Boy Scouts Make A Difference
From the Philadelphia Inquirer:
I am a little confused. Mayor Street bemoans youth violence in Philadelphia while his administration attacks the Boy Scouts, an organization that is actively doing something about it.
I benefited as a youth from scouts. I have shared that benefit with the young people that I have led. Duty to a higher power (scouting is nondenominational), family, country, others and oneself is the primary principle that we seek to instill in the young men and women (Venturing and Exploring Programs are coeducational) who choose to seek a life that is quite a bit better than the culture of crime, drugs and violence.
Unfortunately, those who run this city have made the future use of the local council headquarters contingent upon a single issue: the BSA national policy on homosexuality. I'm not going to engage in that debate because most of us on the front lines, the volunteers, are more concerned with delivering a program that exemplifies all the good things scouting has to offer to as many young people as we can. We have little time or inclination to question a person's sexual orientation.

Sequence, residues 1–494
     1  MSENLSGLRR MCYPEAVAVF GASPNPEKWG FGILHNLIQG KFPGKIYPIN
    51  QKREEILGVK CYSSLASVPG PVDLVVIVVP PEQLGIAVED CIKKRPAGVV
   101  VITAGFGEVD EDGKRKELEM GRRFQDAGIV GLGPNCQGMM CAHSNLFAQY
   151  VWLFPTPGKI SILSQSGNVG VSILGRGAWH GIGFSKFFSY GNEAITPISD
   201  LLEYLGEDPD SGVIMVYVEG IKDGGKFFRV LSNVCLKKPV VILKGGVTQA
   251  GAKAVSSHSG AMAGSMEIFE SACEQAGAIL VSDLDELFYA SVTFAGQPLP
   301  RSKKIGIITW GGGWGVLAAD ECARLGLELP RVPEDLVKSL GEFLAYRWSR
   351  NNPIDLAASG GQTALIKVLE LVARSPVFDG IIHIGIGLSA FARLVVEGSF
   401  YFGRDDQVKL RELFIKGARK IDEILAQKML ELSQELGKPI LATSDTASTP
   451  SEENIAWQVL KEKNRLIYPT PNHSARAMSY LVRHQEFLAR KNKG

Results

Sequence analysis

My brother and I (an Eagle Scout) learned the lessons that scouting and our parents (longtime scouters) taught us as we grew up at Front and Allegheny. It wasn't some city initiative that gave us the incentive to strive for a better life; it was the values, skills and principles of the Boy Scouts of America.
I am proud to be a member of an organization that has accomplished so much good. The Boy Scouts of America and the Cradle of Liberty Council deal with the needs of at-risk youth every day. Every young life that we can touch is an example of a life that isn't negatively impacting the headlines. What could be more worthwhile?
Robert E. Leopold III, Philadelphia